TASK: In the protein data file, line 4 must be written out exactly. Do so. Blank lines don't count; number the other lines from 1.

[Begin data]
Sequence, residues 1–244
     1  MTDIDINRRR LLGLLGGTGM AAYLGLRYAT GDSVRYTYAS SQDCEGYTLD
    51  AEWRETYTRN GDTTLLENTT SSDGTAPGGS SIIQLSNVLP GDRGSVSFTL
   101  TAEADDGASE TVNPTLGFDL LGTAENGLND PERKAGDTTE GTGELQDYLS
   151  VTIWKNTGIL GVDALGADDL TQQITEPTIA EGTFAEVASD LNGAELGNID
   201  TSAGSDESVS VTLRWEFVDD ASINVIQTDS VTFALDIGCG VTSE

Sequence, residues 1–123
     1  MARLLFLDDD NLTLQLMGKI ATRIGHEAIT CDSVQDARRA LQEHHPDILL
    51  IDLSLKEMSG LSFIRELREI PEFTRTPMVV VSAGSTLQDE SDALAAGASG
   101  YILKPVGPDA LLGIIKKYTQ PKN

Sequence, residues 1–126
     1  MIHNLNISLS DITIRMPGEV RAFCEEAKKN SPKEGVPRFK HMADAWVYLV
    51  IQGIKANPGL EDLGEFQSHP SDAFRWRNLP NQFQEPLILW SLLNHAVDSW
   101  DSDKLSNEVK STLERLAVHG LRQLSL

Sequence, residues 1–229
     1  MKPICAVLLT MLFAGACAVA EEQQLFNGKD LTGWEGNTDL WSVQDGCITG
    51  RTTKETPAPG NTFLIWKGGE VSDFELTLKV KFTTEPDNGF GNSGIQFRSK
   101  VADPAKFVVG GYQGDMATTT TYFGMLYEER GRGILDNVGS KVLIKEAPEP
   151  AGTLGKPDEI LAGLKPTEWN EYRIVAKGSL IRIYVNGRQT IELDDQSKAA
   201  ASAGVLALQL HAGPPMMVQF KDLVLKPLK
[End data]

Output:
   101  TAEADDGASE TVNPTLGFDL LGTAENGLND PERKAGDTTE GTGELQDYLS